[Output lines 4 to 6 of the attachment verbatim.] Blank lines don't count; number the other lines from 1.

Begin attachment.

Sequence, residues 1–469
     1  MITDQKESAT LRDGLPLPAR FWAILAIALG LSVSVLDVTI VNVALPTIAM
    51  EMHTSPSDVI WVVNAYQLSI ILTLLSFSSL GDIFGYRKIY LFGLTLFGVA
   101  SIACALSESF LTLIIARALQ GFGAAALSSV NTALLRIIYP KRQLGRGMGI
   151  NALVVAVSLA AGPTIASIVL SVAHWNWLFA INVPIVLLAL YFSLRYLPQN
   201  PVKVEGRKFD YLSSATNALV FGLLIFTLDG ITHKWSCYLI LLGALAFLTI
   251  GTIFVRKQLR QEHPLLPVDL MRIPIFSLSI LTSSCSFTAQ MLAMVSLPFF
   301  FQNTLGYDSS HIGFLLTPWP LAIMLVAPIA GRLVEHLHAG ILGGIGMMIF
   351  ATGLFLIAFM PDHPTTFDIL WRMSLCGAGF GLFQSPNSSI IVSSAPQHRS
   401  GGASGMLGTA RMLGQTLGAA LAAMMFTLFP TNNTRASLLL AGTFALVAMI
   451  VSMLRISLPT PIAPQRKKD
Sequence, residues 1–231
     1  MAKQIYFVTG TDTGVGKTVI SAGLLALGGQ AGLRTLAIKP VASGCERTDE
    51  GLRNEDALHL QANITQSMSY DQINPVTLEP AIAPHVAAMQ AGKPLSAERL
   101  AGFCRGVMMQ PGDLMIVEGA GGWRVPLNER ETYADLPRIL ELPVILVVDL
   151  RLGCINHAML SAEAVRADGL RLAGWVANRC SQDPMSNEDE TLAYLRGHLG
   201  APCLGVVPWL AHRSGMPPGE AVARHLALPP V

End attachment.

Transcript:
   101  SIACALSESF LTLIIARALQ GFGAAALSSV NTALLRIIYP KRQLGRGMGI
   151  NALVVAVSLA AGPTIASIVL SVAHWNWLFA INVPIVLLAL YFSLRYLPQN
   201  PVKVEGRKFD YLSSATNALV FGLLIFTLDG ITHKWSCYLI LLGALAFLTI